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Avant-Garde Music Collection Arrives at Amoeba Hollywood October 22

Posted by Amoebite, October 18, 2016 12:09pm | Post a Comment

Avant-Garde CD Sale

We are very excited to announce that we've acquired the amazing CD collection of LA Free Music Society member Juan Gomez! This one-of-a-kind collection will be on display and available for sale at Amoeba Hollywood starting Saturday, October 22nd. Juan's collection leans toward the catalog of mindfully experimental artists with classical influence, with many obscure releases and long out-of-print titles among the assemblage. It features over 700 pieces, including hard-to-find gems from artists such as Philip Glass and Olga Neuwirth, as well as labels Kairos, ECM New Series, Wergo, and Neos.

Avant-Garde Music Collection at Amoeba Hollywood

Los Angeles Free Music SocietyJuan Gomez, as an early adapter and member of the improvisational LAFMS collective, has always had an interest in contemporary music of all kinds. His taste for modernism also drew him into the musical landscape of 20th century avant-garde composers and thus inspired his interest in collecting their recordings early on. As a young man, the recordings he experienced at his local library of Arnold Schoenberg, Karlheinz Stockhausen, and John Cage helped to strongly influence his music buying tastes.

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Marxist Tales, Part 1: The Lives of Stars

Posted by Charles Reece, December 11, 2007 02:00am | Post a Comment
The celebrity, the spectacular representation of a living human being, embodies this banality [pseudo-individualism by way of what you want to buy – think of a hippie rebelling by driving a VW] by embodying the image of a possible role. Being a star means specializing in the seemingly lived; the star is the object of identification with the shallow seeming life that has to compensate for the fragmented productive specializations which are actually lived. Celebrities exist to act out various styles of living and viewing society unfettered, free to express themselves globally. They embody the inaccessible result of social labor by dramatizing its by-products magically projected above it as its goal: power and vacations, decision and consumption, which are the beginning and end of an undiscussed process. – Guy Debord, Society of the Spectacle #60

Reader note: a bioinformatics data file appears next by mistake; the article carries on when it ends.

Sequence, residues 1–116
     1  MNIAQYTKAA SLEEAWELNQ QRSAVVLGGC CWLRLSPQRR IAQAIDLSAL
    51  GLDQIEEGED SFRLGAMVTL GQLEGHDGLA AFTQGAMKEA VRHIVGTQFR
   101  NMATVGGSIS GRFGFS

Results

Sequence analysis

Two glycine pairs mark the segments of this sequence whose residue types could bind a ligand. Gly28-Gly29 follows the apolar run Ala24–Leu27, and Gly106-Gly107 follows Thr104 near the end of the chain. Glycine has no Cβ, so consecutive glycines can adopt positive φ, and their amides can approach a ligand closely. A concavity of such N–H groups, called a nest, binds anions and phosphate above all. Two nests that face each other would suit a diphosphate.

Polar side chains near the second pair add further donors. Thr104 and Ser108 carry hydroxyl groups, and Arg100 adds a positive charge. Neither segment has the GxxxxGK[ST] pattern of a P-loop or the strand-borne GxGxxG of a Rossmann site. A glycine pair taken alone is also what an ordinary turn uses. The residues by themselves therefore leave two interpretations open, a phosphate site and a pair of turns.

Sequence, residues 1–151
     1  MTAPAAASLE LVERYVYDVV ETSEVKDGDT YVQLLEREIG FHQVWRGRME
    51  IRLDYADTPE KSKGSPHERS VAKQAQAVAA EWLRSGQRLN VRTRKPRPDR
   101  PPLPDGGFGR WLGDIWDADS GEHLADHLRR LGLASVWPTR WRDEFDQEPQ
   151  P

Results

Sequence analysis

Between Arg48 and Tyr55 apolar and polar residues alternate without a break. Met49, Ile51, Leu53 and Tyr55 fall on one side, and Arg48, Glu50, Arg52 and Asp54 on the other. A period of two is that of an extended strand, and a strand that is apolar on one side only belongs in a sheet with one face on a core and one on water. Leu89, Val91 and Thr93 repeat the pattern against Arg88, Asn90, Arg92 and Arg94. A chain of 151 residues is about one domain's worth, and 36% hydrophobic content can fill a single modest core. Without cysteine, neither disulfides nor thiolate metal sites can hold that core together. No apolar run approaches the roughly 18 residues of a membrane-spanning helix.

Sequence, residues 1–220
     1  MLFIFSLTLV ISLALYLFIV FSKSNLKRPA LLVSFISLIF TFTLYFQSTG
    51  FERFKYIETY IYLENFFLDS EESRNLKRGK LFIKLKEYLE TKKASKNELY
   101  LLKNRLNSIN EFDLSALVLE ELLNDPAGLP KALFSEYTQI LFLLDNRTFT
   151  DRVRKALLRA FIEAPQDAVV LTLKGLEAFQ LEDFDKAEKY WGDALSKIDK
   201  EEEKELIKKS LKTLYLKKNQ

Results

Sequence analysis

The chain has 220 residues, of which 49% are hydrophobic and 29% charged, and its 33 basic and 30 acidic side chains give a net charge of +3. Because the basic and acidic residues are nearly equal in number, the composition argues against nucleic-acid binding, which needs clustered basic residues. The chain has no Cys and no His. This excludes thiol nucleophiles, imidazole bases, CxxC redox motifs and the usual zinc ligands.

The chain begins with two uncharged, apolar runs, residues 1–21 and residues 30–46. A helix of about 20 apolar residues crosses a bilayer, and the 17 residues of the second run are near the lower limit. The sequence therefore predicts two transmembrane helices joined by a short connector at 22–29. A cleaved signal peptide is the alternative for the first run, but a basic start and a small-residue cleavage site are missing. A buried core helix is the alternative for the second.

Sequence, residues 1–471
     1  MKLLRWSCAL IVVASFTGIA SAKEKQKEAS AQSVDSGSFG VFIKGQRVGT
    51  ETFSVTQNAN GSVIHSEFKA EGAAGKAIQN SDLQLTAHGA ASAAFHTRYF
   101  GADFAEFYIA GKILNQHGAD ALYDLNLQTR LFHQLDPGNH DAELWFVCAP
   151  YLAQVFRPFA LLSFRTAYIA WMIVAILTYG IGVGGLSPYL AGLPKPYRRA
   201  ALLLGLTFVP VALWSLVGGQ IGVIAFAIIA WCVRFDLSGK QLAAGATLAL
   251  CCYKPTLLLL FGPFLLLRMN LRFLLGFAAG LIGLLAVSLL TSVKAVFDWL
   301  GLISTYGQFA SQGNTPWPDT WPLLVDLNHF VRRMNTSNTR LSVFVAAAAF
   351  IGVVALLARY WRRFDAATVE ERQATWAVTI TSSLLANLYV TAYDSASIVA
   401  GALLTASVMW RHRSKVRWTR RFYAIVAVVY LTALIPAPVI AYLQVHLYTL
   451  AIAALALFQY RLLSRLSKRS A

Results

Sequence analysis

I’m always left slightly annoyed every time I hear some star kvetching about how he or she is stalked by the paparazzi.  It’s as if a piston suddenly started to resent its function within the engine.  More often than not, a star is designed, by luck of genetics, familial ties, or modern surgical techniques for fitness to Hollywood’s nature – pop culture's own form of eugenics.  It’s rarely based on a meritocracy.  Not that there’s no inherent talent, or craft, involved, but similar to choosing a good dentist on a friend’s recommendation or insurance coverage, some other beautiful guy would’ve been People’s most eligible bachelor had the astrological rules played out a bit differently.  When stars start complaining about being photographed or gossiped about, it’s because they’ve bought into the myth of the spectacle (image as consumable reality), believing that their position in popular culture is one of true individualism, rather than a simulation of individualism.  They’re assuming control of their image, rather than their image being a mediation between an individual and reality.  It’s the fallacy of misplaced concreteness, confusing the map with the mapped.  Their image is there to be consumed like every other product in the market; the shinier and newer it appears, the more likely it’ll be desired.  The trick of the publicity machine is to perpetually churn out novel-seeming stories about stars that don’t fundamentally alter our desire for the star.  Stardom isn’t sustained by the films in which the actor is in, but by our interest in the stories being told about that actor that keep us returning to his or her films, regardless of what kind of shit they’re getting paid to be in.  The star represents who we’re supposed to want to be.  And with exceeding frequency in our media-saturated culture, we do want to be that star.  Hell, even the celebrities desire their star-images.  As Debord pointed out, it’s a dream of pseudo-power, the ultimate ability to consume without any real control over what the caviling star mistakenly assumes is his or her image of selfhood.  Ultimately, the star is nothing but the photograph to the culture industry’s camera, a postcard of a place where we’re all supposed to want to visit.

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